Japan's Mazda Motor Corp on Tuesday unveiled a $10.6 billion spending plan to electrify its vehicles and said it was also considering investing in battery production.

The company also raised its sales target for electric vehicles (EVs) to up to 40% of its global total by 2030, as automakers worldwide spend billions of dollars to ramp up battery and EV production in the face of tougher environmental regulations.

The investment plan by Mazda follows similar announcements this year by domestic rivals such as Toyota and Honda, which have been criticised by environmentalists and green activist investors for being slow in electrification.

"We will promote the full-fledged launch of battery EVs and consider investing in battery production. We estimate Mazda's EV ratio in global sales to rise to a range between 25% and 40% as of 2030," Mazda said in a statement.

Its previous EV sales target was 25% by 2030.

Senior managing executive officer Akira Koga told reporters the 1.5 trillion yen ($10.6 billion) investment would be made along with its partners and would be used for research and development. The news was first reported by the Nikkei business daily.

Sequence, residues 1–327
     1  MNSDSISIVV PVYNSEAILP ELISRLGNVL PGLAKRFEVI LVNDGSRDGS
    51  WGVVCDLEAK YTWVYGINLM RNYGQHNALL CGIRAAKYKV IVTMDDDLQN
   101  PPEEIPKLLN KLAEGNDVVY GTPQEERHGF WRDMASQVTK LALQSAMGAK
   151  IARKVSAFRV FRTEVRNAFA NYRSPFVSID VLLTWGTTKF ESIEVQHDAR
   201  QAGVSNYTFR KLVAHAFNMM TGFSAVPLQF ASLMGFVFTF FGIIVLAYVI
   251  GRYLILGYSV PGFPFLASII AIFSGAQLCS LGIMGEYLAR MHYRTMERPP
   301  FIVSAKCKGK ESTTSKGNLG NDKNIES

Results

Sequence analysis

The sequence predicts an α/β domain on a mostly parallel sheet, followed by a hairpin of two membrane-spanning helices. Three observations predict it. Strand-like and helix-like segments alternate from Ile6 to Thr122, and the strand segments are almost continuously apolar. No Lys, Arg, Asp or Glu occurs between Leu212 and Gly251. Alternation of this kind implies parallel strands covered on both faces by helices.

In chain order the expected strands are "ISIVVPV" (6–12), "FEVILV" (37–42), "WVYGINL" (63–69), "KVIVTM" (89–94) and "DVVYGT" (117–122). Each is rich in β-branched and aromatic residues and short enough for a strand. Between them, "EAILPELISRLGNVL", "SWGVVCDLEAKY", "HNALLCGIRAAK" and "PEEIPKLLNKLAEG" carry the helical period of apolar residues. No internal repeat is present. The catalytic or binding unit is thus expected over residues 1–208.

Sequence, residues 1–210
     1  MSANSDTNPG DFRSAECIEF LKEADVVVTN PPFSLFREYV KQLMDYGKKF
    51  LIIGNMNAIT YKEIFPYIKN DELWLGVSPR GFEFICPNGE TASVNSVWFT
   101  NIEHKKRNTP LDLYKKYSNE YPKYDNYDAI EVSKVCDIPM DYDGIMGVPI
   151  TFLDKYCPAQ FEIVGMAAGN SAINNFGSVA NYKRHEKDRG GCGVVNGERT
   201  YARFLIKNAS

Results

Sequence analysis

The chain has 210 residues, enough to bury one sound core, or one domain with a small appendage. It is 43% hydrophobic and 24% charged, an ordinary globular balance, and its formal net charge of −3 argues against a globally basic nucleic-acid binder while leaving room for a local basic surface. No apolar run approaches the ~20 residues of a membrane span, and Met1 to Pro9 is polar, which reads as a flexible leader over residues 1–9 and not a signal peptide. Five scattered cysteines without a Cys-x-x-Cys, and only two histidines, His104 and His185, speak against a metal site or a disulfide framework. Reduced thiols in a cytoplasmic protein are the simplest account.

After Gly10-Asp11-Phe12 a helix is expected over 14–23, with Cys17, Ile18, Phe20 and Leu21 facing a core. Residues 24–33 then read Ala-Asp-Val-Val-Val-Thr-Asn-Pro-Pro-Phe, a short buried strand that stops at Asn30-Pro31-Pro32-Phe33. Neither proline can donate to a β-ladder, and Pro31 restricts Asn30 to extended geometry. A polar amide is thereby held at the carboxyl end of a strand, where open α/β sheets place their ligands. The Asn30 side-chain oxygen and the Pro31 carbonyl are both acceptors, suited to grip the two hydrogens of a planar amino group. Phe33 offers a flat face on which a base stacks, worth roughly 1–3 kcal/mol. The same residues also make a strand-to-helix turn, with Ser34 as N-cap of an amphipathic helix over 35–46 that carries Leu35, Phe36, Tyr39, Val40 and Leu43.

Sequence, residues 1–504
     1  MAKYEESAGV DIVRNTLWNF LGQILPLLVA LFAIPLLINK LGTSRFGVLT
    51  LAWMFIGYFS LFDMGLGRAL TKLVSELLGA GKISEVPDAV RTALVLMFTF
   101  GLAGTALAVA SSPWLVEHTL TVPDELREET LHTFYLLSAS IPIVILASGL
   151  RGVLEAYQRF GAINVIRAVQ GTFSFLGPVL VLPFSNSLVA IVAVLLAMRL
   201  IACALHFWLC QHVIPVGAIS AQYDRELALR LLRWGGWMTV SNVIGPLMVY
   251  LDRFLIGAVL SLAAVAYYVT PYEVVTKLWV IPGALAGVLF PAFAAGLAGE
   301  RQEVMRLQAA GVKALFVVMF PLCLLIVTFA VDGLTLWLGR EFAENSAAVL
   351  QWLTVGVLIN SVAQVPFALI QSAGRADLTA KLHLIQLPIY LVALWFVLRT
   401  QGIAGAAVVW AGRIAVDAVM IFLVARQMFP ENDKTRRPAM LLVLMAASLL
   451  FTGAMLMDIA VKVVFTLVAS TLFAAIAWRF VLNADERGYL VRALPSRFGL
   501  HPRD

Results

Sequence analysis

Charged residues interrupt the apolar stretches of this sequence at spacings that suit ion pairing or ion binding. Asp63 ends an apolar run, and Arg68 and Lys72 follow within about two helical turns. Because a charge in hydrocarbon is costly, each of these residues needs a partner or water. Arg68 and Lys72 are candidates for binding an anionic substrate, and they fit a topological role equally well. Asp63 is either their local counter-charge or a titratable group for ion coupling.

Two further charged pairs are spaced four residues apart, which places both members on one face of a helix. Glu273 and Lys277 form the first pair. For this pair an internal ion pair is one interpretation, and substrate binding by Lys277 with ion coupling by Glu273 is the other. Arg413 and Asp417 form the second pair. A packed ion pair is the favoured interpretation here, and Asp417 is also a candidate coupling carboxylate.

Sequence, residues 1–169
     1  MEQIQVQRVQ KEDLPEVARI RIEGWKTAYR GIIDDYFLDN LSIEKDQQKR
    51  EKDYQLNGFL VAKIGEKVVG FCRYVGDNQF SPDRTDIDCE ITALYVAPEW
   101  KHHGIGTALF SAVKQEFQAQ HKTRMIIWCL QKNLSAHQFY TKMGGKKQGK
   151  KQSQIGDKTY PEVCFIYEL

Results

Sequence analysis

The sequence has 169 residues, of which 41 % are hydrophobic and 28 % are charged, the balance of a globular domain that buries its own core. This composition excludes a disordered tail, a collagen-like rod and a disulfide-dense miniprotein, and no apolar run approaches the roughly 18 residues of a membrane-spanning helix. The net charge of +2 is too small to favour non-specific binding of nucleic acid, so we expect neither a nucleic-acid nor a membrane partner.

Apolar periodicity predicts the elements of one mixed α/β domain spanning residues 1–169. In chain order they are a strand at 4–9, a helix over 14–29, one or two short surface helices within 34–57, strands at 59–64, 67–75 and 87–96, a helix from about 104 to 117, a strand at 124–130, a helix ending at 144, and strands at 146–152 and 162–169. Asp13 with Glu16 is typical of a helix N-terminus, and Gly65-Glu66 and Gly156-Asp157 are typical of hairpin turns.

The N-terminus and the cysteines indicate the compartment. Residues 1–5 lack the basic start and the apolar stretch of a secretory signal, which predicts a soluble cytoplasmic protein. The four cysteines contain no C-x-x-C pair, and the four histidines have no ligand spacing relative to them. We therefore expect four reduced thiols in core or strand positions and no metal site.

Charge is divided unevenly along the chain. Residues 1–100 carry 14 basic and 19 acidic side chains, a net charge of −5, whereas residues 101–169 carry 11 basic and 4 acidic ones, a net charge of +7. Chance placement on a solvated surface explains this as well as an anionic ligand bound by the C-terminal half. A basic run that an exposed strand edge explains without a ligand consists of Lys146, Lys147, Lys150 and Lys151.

Koga declined to give a detailed investment timeline, adding it would depend on how fast EVs became popular.

The automaker said it had agreed to work with seven companies, including electric-component maker Rohm Co, to jointly develop and produce electric drive units.

Mazda CEO Akira Marumoto also told reporters the company had reached a supply agreement with battery maker Envision AESC for its EVs produced in Japan.

Envision AESC chief executive Shoichi Matsumoto told Reuters last month his company was in talks with automakers in Japan, Europe, the United States and China for new supply deals.

Mazda is aiming for about 4.5 trillion yen in net sales for the business year ending March 2026, a jump of about 45% from the financial year ending March 2022, the company said.